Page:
Disclaimer: The characters in this story are the property of Stephenie Meyer and are only used for fan related purposes.
Murder on the Moonlight
Congratulating myself on how quickly I'd taken to navigating this part of the Moonlight—not to mention, how sneakily I'd left the fashion talk behind me—I made it back to my room in a timely manner. The walk around the deck had done me well and, without the handsome face of that boy to cause the butterflies in my stomach to flutter, I'd completely gotten over my earlier seasickness. I just had to remember to drink some more ginger ale if I felt queasy again later.
I kept my room key in my back pocket and, after a few second's frantic search when I thought I'd misplaced it somewhere, I pulled it out. I must have bent it slightly while I was sitting down but it still worked. I only had to insert it into the slot and pull on the door handle a couple of times before I was back in the room.
It seemed even smaller now than it had before. That, and the stupid candy bars right there made me realize how hungry I was. I'd spent all that time in the dining area and I hadn't had anything to eat at all.
Shaking my head, I wondered if I should go back out and actually check out the Moonlight menu. I knew I wouldn't, though. If there was even a chance that that boy was there, watching for whatever reason the table I'd been sitting at, I knew I wouldn't return just yet.
Instead, I thought I should finally get around to finishing my unpacking. I could just imagine the smug look on Jessica's face if she returned and I hadn't even gone through both of my duffel bags yet. At least I'd gotten the chance to open one before my abating nausea sent me on my mission out of the room. Now that I was back, that was the first one I reached for.
After going over to where I kicked my bag and picking it up off of the floor, I sighed and set it on my bottom bunk. Unpacking my bags was the worst part of going anywhere, I thought as I reached in and grabbed all of the clothes I'd packed. They were disheveled after being knocked over and flung across the floor, the shirts wrinkled and my socks unmatched.
Feeling a little frustrated, I sighed again. Before I could put them in the dresser drawers I would have to fold them all over again.
However, as I reached for a pair of underwear, I saw the familiar silver shine of my cell phone. I'd almost forgotten that I'd thrown it in there before leaving home this morning.
Out of habit, I turned it over and checked to see if there were any missed calls. I gulped when I saw there was one.
Charlie's number flashed up on the screen.
I felt a touch of guilt that I'd missed his call. He probably wouldn't be too happy when I returned it; even though Jacob hadn't made it to the cruise, I had promised my dad that I would keep my phone on and charged at all times in case he wanted to check up on me.
Weighing the silver phone in my hand, I wondered if I should get it over with now or wait until later. Deciding it would be better to get it over with now than deal with an overly concerned father later—and, quite possibly, a mother if Charlie decided to involve Renee—I quickly dialed the numbers.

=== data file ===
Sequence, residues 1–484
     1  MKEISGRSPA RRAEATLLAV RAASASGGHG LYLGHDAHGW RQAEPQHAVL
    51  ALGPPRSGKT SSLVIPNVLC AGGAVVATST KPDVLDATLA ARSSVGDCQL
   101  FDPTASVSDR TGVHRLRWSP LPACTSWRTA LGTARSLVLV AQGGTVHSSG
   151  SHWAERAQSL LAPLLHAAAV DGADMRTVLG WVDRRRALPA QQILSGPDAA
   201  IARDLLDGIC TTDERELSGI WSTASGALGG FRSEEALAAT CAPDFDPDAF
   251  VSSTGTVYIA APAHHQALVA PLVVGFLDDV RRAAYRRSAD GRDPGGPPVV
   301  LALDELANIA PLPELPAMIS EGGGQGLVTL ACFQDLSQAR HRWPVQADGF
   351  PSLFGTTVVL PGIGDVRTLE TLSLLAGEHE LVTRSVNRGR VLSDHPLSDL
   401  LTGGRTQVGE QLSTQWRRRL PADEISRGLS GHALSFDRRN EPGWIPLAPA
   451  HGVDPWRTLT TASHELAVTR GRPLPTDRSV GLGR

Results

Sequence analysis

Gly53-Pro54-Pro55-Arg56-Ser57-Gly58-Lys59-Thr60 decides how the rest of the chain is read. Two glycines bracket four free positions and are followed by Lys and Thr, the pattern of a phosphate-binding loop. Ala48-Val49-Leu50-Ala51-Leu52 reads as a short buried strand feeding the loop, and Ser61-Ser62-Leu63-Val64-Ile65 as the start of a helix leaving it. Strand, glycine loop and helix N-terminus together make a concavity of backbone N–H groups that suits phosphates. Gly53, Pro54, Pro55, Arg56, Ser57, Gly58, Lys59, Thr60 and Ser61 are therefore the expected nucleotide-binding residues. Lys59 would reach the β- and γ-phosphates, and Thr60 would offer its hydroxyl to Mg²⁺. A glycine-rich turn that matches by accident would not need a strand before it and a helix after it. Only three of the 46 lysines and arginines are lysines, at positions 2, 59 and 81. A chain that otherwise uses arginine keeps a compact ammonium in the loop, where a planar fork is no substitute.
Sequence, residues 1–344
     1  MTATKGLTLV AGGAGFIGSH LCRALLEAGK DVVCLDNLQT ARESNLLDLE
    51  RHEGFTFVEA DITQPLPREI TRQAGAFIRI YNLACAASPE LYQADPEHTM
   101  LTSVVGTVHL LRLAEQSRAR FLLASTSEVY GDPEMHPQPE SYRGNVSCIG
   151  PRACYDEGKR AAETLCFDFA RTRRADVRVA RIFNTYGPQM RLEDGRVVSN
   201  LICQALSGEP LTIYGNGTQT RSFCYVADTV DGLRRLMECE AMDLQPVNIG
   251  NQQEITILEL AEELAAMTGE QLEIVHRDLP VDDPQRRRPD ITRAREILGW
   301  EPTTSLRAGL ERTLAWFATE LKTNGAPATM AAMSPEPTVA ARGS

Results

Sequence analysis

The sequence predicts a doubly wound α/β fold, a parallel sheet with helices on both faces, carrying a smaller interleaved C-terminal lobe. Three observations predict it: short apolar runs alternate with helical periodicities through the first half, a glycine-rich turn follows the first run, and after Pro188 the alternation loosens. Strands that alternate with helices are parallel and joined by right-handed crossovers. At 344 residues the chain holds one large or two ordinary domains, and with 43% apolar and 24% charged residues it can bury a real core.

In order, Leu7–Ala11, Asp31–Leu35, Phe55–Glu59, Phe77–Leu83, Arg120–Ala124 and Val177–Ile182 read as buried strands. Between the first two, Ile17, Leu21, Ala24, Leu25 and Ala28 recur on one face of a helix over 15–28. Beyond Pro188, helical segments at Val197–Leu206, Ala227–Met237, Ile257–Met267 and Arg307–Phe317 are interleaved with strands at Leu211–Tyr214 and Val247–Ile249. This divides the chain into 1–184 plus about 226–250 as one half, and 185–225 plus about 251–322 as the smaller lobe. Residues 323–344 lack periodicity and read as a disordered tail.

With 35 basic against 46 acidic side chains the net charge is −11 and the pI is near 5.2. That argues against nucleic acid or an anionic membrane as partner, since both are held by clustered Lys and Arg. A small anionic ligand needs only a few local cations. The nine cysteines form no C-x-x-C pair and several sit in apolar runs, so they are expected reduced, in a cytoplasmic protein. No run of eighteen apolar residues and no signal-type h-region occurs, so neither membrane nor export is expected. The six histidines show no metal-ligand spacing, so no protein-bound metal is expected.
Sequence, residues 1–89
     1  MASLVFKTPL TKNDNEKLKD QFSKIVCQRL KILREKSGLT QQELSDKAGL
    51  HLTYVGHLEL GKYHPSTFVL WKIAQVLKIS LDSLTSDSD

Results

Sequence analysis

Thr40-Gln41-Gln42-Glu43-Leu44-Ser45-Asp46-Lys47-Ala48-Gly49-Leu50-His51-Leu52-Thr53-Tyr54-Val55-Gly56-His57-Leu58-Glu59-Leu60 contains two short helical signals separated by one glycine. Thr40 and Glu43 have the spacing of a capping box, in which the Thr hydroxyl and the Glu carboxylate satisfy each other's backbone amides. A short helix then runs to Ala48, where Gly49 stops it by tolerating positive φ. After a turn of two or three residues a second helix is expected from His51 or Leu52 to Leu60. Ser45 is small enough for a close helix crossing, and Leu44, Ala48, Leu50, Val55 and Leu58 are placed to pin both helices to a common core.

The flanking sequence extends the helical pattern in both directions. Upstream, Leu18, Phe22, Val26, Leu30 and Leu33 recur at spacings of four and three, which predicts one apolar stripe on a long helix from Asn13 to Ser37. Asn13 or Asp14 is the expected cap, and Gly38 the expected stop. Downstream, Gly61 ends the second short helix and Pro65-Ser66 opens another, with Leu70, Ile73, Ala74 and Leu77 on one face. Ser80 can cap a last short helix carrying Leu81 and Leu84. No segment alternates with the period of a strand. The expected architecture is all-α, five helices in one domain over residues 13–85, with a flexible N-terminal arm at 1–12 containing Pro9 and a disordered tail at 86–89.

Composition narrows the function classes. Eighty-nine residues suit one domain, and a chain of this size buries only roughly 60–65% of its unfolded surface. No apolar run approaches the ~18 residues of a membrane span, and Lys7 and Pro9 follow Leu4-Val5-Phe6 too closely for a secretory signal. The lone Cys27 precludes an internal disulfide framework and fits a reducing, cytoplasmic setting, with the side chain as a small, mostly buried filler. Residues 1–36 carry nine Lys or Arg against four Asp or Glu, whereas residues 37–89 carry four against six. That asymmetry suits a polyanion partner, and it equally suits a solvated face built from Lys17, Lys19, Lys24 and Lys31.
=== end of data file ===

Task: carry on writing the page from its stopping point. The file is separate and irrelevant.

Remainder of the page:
Tapping my sneaker against the floor, I almost hoped that Charlie would be busy doing whatever it was as Police Chief of a rinky dink town like Forks.
The phone rang a couple of times, the obnoxious ring sounding in time to my anxious rap-tap-tapping. Just when I thought that my luck might finally be changing, that I could leave a message on his phone assuring him I was fine without actually having to talk to him, the phone cut off mid-ring.
"Hi, Dad." I bit my lip, trying to anticipate Charlie's reaction. Like me, he wasn't a really big talker and it was a rare occurrence when we spoke on the telephone. However, every now and then—more often when Jacob and his hare-brained schemes were involved—Charlie surprised me by being too overprotective. I just hoped this wasn't one of those times.
"Bells? That you?"
He seemed a little more uptight than usual. I slumped my shoulders. It was going to be one of those times. "Yup, it's me."
Charlie let out a sigh of relief that was audible even with my crappy service. "I was wondering what happened to you." He paused. "I thought you were supposed to keep your phone with you?"
That touch of guilt I felt before bloomed into full grown remorsefulness. His words tumbled out like a question and, if I wanted to, I could sidestep them very easily. But I wouldn't—it wasn't the responsible thing to do.
Keeping the phone to my ear, I sat down on my bunk. "I know, Ch—Dad. And I am," I said, silently meaning 'I will', "it's just that I don't get much reception out on the open seas. I barely have two bars." Trying to keep my tone apologetic, I crossed my fingers with my free hand.
"That's okay, honey. I understand," Charlie said agreeably. I let out the breath I hadn't known I was holding—even if it was the smallest fib, I hated lying to my dad. "In that case, I'm glad I got a hold of you. How's your trip going?"
Small talk, that was okay. Me and Charlie were pro's at small talk. "It's going well, Dad. I found the docks okay and I haven't fallen into the ocean and drowned or anything," I added, smiling a bit to myself. Charlie knew all too well what it was like to be clumsy.